We used the same [real, decorated] baskets our kids' entire childhood; they turned into fun gifting moments as they became adults.

The nice thing about taking the time and effort to personalize, and involving the children, is that they remember, and many will carry on as a family tradition.
Alexa Alexa
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Re: Plastic Easter egg replacement

In reply to this post by Roberta
On a more traditional note, 4 packs of Cadbury Creme Eggs are a recyclable option. While not zw, the packaging is tinfoil and cardboard with no plastic. I think that this also is a good idea for children of friends and family who aren't zw and might not appreciate other options.

I remember that while dying hard boiled eggs was fun. Eating them just wasn't, at least not as a treat. Frankly, as a kid, they were kinda disappointing.
MariaNoCA MariaNoCA
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Re: Plastic Easter egg replacement

Alexa,

I agree eating all the hard boiled eggs aren't that fun -- unless mom/dad devils them or turns them into egg or potato salad. Deviled eggs last about 10 seconds around here. :-)

Jay,

We kept our easter baskets since childhood too! I still have a shoebox with easter grass/blown-out decorated real eggs that get put out every yr that are several decades old.

FYI, just saw a commercial on tv showing making rice krispie treats into hollow eggs. recipe but it also needs a mold.
Jay Jay
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Re: Plastic Easter egg replacement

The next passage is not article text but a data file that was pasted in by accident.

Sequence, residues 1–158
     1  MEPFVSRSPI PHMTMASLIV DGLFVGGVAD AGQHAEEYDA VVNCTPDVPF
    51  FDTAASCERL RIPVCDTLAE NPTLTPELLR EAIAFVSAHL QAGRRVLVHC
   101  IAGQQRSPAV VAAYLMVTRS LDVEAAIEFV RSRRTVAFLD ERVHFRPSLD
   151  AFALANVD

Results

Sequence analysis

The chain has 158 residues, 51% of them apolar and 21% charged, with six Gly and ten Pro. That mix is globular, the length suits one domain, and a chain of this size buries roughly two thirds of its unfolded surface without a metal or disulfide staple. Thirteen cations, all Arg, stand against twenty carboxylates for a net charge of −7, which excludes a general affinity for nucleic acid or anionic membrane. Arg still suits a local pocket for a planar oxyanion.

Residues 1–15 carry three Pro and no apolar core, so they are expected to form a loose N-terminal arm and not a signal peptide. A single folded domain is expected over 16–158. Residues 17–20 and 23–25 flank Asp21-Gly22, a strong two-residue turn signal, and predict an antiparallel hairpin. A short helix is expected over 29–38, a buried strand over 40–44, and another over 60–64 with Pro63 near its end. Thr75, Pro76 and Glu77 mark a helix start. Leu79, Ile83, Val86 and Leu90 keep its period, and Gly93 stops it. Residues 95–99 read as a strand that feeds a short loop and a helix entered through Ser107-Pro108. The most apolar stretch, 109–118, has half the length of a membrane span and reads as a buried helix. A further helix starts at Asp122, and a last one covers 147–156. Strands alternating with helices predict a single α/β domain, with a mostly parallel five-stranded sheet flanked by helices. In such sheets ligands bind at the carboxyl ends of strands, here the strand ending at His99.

Maria, again, agree! We used hard boiled decorated eggs for the hunts, blown for crazy elaborate decorating. One "kid" loved eating hard boiled eggs, the other handed over for making deviled eggs. The Easter Bunny left treats in the baskets, in front of their bedroom door, the night before. Once inspected, and emptied into something else, the baskets were taken on the egg hunt. We usually went up to a local, wooded park, had a picnic and, after the adults covertly hid the eggs, the kids went searching. We keep count so would know when all were found.

I *just* tossed some blown, decorated eggs from years ago. I hadn't stored well (egg cartons) and they were irretrievably dirty. Some had stencils, colored feathers, sequins, decorative braid, satin ribbons, all sorts of bric-a-brac from crafting, sewing, old gifts, etc. I had gotten some ingenious decorating ideas from Martha Stewart along the way, too. For years we would hang the blown eggs (past and present) using ribbon loops, on a small fallen/trimmed tree branch, creating a centerpiece for a special dinner and the egg decorating party. Some also decorated the Christmas tree. Really awesome were some goose eggs we scored on a Farm Trails visit :-).

Regarding sugar viewing eggs (rice krispie ones would be same), we tried saving, but ants discovered them. Dumb storage on my part, but eckk.

Another idea is nesting eggs, similar to nesting dolls. They're quite a [fun] challenge for little eyes and hands.